A road to recovery from depression and anxiety

By Nikki Jhutti

He’s a familiar face in the halls of Providence Care Hospital.

As a volunteer, Steve Myers helps out at the welcome desk, in the café and he even gives guided tours of the hospital.

If someone is in need, the 54-year-old is the type of man to lend a helping hand.

But eight years ago, he was the one in need.

In March 2011, Myers seemingly had it all; a loving wife and family, and a great job as a restaurant manager.

But that didn’t stop depression from creeping in.

“Things were going really, really good, but I was afraid I couldn’t keep exceeding,” recalls Myers. “I didn’t want my family or employees to see me fail.”

Myers decided he would take his own life.

“I woke up one morning, waited for my wife to go to work and my sons to go to school, and I decided I was going to get out while the going was good.”

Myers was unsuccessful, but that didn’t stop him from trying again.

“I tried to take my life 10 times in eight years. Seven of those times were within the first two years.”

Myers’ illness got worse. He developed anxiety on top of his depression.

“I’m the kind of person that doesn’t like to ask for help or share my feelings. I ended up isolating myself at home. I was embarrassed what people would think when they found out I tried to take my life and failed.”

During a stay at Kingston General Hospital, Myers was referred to Providence Care’s Community High Intensity Treatment Team.

A dozen highly skilled and dedicated clinicians supported Myers, including Dave Carmichael, an Occupational Therapist with Providence Care.

“Anxiety and depression takes life’s energy away,” explains Carmichael. “Steve is an amazing and courageous person. He is also a very anxious human being, so we had to build that therapeutic relationship.”

It started with Carmichael visiting Myers in his home, for coffee.

“He would come at least once a week. At times we wouldn’t even talk. We would just sit there,” recalls Myers. “He just kept coming and eventually I started opening up to him.”

But recovery takes time.

It took two years before Myers was willing to leave his home.

The pair decided to meet for double doubles at a local coffee shop.

But Myers was still anxious.

“I was worried about running into someone I knew and being asked ‘how are you doing?’ or ‘what are you doing now?”

“A large part of what we were doing was finding suitable explanations for Steve,” adds Carmichael. “We were working through role plays, how to explain oneself, saying things like ‘I’m not working, but here’s what I am doing.”

Myers quickly learned he could manage his anxiety if he controlled conversations.

“I would initiate a conversation with a ‘how are you?’ so they couldn’t ask me ‘what are you doing now?’ or ‘how are you feeling?”

“Initially it was about helping Steve push the boundaries with his anxiety, so that he could get out of the house,” explains Carmichael. “Then it was helping Steve set goals. These are all Steve’s goals, not Dave’s goals. So we’re moving at Steve’s pace and in a direction Steve wants to go.”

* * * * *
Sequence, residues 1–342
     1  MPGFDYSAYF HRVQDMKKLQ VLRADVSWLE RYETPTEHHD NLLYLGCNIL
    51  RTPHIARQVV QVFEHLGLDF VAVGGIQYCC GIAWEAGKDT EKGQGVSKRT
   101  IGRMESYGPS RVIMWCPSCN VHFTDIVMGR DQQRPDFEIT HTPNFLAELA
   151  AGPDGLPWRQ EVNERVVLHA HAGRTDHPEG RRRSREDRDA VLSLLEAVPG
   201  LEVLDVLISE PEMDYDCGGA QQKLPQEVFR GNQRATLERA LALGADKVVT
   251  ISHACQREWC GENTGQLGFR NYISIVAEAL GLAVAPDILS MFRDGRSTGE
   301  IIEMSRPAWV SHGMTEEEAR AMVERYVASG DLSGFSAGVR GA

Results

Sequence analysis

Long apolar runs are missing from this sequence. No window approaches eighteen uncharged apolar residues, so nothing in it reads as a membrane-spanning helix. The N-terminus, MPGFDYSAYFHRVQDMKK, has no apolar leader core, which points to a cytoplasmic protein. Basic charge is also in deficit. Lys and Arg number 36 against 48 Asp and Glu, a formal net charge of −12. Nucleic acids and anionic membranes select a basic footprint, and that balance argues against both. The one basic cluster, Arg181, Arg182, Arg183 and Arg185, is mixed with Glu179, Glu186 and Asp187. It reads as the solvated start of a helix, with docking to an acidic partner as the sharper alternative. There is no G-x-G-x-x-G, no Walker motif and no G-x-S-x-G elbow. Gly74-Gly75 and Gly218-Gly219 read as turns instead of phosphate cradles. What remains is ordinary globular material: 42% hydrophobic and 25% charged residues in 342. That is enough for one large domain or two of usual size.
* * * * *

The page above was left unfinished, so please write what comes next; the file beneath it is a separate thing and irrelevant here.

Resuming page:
It would be another two years before Myers would be ready to take the next step with Carmichael: visiting his old restaurant.

“I knew I was going to a place where people knew me, and possibly even knew what I had attempted,” says Myers. “But I did it. And some people were surprised to see me and happy to see me.”

Myers started volunteering with Providence Care in January 2018.

“It’s a safe working environment. I’m not afraid if someone comes through that door, what they think of me because there is no judgement here.”

In addition to his weekly meetings with Carmichael, Myers also takes medication daily and he sees his psychiatrist once a month.

“He’s the type of client every clinician lives for. This is a man who couldn’t leave his house. He now leaves his house at will and he’s thoroughly exploring his wish to help other people,” says Carmichael.

Myers also credits his family for their support and sticking by him.

“I think I’m more focused on my family than I ever was. My wife says I am the most important person in her life and she would be devastated if I were to go. She really likes the person I have become.”

His advice for others who may be struggling with depression or anxiety: confide in someone you trust.

“Try to share your feelings with your family or friends. It’s what I should have done.”

It’s been hard work, but Myers says he’s improving every day.

Even opening up and sharing his story for this article was a big step for the 54-year-old.

“I’m not as embarrassed anymore. I have an illness and I have people I can count on for my illness.”

But the work isn’t done.

Myers hopes the experience he’s gaining from volunteering at Providence Care will help him with his next goal: to reenter the workforce.

Nikki Jhutti works in communications at Providence Care.